This is perhaps the most important point when it comes to showing your parent the possibilities that moving into assisted living actually entails. By taking a softer, slower approach, you’re more likely to have your parent look at the idea as a choice or an option instead of an inevitability. Enlisting the help of a clergy member or trusted family doctor to reinforce your points may also help bring your parent around, if not to fully agreeing to move to assisted living, perhaps at least no longer dismissing the idea outright. 

A Parent-Driven Experience 

In most cases, the only way you’re going to get a parent who is refusing assisted living to even begin to consider it is by making sure they feel in control of the endeavor. Giving them agency in these decisions is of the utmost importance, as otherwise feelings of being railroaded, manipulated, and foisted off by their children will sour a parent’s view of moving out – not to mention your relationship! What you don’t want is for the parent to finally end up  where you wanted but to resent it and resent you for having it forced upon them.  

One good way to get them involved is to ask if they would like to tour some assisted living campuses. Make sure this is a no-strings-attached visit with no expectations short of simply showcasing the amenities of community so that some of the misconceptions your parent has can be laid to rest.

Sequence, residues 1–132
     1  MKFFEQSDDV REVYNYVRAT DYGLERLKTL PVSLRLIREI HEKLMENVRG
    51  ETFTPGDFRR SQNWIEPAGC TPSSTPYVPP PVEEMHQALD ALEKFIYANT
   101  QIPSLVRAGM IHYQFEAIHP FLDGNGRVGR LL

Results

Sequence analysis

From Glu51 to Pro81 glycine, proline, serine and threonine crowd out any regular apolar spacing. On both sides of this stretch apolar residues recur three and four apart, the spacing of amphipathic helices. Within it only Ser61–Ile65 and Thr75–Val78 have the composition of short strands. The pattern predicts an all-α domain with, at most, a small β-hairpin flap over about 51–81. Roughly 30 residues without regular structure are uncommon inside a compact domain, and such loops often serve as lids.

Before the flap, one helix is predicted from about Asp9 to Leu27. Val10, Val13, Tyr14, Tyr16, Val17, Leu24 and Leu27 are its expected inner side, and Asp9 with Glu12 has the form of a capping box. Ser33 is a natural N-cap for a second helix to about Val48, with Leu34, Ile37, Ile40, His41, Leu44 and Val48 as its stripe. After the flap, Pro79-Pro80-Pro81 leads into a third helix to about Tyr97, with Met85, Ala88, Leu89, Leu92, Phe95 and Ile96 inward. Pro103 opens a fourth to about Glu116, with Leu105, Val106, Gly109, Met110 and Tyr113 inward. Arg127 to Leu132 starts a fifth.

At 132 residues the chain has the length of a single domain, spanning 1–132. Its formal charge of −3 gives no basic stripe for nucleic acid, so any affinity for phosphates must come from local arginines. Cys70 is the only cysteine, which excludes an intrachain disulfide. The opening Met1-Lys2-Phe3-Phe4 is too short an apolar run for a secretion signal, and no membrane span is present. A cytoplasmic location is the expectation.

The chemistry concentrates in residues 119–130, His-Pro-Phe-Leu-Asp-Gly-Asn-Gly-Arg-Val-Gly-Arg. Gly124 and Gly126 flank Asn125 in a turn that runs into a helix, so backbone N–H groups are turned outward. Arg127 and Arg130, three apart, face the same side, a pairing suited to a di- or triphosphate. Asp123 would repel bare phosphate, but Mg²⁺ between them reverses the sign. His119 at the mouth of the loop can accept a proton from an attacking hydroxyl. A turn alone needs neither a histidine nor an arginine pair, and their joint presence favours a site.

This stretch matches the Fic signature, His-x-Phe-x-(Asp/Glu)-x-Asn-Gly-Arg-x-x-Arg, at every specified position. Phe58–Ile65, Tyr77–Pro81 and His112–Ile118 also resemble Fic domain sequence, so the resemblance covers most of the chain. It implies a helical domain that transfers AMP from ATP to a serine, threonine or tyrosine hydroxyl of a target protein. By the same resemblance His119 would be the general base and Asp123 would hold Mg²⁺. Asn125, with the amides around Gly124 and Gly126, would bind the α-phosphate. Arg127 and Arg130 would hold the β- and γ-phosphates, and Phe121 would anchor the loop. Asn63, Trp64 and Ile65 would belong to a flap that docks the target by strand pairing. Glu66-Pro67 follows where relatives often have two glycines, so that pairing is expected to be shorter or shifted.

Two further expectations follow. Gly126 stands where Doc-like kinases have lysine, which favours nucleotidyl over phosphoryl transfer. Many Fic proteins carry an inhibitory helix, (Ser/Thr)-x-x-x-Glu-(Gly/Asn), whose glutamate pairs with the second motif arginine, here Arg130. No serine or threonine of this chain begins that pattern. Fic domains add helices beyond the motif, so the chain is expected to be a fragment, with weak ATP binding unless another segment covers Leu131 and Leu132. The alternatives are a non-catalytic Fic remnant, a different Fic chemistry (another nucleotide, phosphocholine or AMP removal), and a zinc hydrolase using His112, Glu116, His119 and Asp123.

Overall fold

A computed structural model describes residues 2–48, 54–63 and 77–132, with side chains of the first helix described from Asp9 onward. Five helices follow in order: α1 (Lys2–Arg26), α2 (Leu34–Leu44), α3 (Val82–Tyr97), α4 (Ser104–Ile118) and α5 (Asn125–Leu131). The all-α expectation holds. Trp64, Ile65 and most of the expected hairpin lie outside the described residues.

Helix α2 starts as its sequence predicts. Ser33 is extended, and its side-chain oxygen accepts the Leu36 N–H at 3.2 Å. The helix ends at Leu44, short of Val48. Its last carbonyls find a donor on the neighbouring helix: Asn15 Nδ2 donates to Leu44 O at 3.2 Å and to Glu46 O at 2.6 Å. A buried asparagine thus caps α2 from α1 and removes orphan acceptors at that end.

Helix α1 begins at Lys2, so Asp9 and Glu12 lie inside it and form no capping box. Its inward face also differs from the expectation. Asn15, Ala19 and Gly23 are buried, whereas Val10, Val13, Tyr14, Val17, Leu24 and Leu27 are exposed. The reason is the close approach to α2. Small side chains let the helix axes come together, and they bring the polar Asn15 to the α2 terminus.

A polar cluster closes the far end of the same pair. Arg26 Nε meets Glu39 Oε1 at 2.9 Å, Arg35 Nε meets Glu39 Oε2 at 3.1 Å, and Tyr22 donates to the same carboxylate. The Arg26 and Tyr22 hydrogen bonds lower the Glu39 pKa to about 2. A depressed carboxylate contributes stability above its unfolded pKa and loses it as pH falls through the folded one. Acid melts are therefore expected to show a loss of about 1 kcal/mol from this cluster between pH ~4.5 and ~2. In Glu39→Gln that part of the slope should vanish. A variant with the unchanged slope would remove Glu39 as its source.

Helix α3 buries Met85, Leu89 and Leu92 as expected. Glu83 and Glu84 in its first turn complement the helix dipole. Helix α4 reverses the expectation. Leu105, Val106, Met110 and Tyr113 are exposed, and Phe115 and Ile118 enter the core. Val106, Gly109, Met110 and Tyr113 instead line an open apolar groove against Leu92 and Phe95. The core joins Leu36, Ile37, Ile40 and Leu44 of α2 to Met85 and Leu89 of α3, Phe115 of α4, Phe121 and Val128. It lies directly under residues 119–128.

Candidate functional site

Other excellent strategies for opening your parent up to the idea of living in an assisted living campus include showcasing how doing so can improve their quality of life. Such a community often enhances independence and enables them to not have to worry about paid caregivers in their home at all times but still get their needs met. This last argument often proves extremely effective with parents who value their privacy and don’t want caregivers underfoot at any given time. 

Other Points to Stress

There are worthy points about moving to an assisted living environment that you can also bring up to your parent. If they’re suffering from lack of social interaction, especially if they have lost loved ones and friends, assisted living communities are great ways to assuage that loneliness. Having people around to share things with once more, including during meals and other social activities, can do much to help. 

Additionally, it’s always a good idea to remind your parent that assisted living communities offer any number of ways to fill your parent’s needs. Whether it’s on-site medical care or physical therapy, meals, activities, or anything else, all of these opportunities are easily accessible without any muss or fuss. In other words, despite their fears or misconceptions, it is actually likely to improve their living situation and make them more happy and more engaged.  

Talking about Assisted Living

Parents never want to be a burden on their adult children. This means they might not ask for help when they need it and act determined to live their own independent lives, even when they might not be able to anymore. Taking a soft approach if your elderly parent is refusing assisted living may be just what they need to be convinced.